A technical summary of Astro-WISE in 300 words

The Astro-Wise System: A Federated Information Accumulator

The Astro-Wise consortium has designed a new paradigm, "Awe", and implemented a fully scalable and distributed information system to overcome the huge information avalanche produced by science experiments. In contrast to a TIER node setting, Awe allows the end-user to trace the data product, following all its dependencies up to the raw observational data and, if necessary, to re-derive the result with better calibration data and/or improved methods: "Awe target processing". This is achieved by:
  • emphasis on project management and documentation
  • translating the data model to an object model stored in a database
  • having all I/O reside in a distributed database, containing all metadata of bulk data, parameter values and catalogues
  • connecting to the database a federated file server that stores 100s hundreds of Terabytes of bulk data
  • an own Awe compute-GRID which sends jobs to parallel clusters, which then request data from the database.
The database architecture allows tools for rapid trend analysis, complex queries and fast hunting in Terabyte-sized catalogues. Thus, the system provides the user with transparent access to all stages of the data processing and thereby allows the data to be re-processed and add knowledge to the system, the Awe paradigm. All system components are distributed over Europe, enabling research groups to collaborate on shared projects. The web portal includes data viewing, quality labelling and compute-services.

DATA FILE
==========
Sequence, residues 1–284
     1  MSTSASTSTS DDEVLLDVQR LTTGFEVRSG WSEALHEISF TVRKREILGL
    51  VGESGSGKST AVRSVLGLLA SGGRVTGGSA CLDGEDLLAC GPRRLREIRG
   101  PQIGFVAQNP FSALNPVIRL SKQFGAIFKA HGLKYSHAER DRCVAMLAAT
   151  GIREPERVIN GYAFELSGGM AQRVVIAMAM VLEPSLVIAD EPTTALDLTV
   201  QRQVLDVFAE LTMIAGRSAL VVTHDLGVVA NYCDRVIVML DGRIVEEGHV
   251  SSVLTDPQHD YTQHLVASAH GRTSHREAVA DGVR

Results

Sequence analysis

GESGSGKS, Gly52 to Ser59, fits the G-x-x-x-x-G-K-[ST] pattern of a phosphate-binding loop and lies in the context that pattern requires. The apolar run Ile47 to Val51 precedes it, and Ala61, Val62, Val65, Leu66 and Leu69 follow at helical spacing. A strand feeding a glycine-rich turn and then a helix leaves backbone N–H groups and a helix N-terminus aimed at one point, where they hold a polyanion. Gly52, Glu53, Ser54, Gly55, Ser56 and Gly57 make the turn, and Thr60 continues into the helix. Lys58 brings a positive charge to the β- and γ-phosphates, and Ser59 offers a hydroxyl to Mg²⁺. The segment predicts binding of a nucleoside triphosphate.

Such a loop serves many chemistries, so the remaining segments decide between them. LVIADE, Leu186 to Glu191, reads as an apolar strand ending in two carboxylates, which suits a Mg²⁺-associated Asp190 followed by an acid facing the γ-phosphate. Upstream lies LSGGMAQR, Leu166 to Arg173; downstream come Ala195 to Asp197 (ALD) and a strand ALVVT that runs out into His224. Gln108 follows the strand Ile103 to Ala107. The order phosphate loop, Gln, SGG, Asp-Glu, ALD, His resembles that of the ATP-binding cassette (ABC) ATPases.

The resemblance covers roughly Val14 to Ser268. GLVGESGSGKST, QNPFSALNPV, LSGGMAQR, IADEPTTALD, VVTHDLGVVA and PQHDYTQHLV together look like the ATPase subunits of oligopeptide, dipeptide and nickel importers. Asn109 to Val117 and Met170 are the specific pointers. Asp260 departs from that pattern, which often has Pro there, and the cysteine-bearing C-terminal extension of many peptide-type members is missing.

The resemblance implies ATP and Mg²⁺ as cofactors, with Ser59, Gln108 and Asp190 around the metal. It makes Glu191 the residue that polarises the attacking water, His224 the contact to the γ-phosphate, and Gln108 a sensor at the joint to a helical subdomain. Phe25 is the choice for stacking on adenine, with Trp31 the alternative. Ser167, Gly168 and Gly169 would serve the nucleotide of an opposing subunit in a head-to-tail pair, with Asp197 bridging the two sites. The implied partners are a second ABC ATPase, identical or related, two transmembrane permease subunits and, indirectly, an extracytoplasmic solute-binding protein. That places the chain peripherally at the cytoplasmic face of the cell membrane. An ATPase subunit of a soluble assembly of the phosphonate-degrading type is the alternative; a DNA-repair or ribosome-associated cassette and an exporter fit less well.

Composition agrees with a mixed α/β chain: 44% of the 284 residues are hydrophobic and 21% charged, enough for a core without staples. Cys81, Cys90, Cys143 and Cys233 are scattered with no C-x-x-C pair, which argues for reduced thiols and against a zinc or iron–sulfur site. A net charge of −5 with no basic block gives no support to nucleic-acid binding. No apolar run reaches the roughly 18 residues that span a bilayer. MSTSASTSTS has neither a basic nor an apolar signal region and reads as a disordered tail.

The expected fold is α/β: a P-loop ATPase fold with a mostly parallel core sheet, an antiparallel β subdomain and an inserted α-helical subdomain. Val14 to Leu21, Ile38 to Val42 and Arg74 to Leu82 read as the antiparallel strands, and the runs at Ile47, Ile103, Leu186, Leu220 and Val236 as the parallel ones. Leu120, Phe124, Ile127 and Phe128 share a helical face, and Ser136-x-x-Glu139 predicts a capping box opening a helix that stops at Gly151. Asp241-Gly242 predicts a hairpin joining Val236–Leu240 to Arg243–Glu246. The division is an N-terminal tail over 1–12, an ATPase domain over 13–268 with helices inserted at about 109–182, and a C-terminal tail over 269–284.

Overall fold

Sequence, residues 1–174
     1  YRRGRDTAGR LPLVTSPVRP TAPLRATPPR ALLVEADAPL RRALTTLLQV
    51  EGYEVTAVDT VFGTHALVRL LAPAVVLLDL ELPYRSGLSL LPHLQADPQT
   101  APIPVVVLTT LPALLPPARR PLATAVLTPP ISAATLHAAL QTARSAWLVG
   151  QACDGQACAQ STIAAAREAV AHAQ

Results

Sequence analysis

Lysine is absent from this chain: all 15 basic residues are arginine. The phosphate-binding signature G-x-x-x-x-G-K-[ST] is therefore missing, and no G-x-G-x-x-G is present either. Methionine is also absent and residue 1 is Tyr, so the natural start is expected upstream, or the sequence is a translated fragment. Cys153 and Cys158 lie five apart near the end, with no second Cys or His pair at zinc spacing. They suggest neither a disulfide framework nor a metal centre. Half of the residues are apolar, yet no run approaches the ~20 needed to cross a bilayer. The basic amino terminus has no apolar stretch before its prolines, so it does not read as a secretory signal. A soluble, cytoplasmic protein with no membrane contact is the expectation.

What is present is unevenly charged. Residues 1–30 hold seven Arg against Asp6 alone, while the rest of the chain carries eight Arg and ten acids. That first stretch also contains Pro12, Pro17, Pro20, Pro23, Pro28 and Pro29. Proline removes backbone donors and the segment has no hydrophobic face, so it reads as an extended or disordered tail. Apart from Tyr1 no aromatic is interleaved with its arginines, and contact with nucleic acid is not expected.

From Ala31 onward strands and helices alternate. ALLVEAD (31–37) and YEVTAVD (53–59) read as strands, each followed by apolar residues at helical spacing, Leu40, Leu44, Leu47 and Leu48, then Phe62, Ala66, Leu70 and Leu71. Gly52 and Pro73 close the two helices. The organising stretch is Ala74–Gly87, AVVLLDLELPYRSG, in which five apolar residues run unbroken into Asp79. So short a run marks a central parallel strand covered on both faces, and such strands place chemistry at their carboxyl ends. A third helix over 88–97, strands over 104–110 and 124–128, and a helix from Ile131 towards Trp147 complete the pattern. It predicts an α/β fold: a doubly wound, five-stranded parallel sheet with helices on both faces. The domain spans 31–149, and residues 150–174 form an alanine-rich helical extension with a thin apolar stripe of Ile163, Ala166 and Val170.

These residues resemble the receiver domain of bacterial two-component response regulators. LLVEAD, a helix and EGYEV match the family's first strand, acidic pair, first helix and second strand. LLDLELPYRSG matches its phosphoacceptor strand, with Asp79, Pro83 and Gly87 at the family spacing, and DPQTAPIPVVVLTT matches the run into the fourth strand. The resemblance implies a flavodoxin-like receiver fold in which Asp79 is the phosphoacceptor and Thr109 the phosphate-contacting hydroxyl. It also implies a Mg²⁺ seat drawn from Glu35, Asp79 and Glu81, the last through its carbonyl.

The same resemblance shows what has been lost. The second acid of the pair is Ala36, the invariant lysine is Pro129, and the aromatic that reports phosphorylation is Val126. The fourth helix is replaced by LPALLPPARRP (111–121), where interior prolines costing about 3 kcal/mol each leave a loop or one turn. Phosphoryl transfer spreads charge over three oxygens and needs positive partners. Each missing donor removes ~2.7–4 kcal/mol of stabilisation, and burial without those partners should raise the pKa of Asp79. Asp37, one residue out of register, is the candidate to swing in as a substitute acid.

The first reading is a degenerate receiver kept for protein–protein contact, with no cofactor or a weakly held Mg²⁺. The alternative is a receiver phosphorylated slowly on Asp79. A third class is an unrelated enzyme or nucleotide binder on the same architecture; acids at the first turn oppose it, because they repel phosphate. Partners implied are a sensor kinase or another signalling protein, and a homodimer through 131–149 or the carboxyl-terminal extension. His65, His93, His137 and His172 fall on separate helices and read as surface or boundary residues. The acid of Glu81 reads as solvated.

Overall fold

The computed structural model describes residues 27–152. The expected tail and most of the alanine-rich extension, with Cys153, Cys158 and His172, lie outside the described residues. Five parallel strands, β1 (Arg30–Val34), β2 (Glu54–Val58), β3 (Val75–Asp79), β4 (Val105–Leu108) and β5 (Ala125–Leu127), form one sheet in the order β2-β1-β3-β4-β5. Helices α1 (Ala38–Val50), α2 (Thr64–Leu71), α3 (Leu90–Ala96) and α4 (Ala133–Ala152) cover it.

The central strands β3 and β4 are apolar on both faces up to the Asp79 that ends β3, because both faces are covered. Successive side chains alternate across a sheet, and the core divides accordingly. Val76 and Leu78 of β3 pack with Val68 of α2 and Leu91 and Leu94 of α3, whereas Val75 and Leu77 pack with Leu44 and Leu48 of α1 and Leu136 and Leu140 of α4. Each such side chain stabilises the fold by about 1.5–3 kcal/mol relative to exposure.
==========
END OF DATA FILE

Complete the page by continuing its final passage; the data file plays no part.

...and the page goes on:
Astro-Wise is currently being operated mainly for astronomy. The Astro-Wise system will be connected to the Virtual Observatory via the Euro-VO, and publishing is effectively done by raising a flag by the Awe administrator. At the moment, researchers use Awe with 10's Tbyte of image data. 100s of Tbytes of data will start entering the system when the OmegaCAM camera starts operations in Chile. Several large surveys plan to use Awe: for example, the 1500 Square Degree KIDS Survey (Kuijken et al), the Vesuvio Survey of nearby superclusters, the OmegaWhite white dwarf binary survey and OmegaTrans search for variables.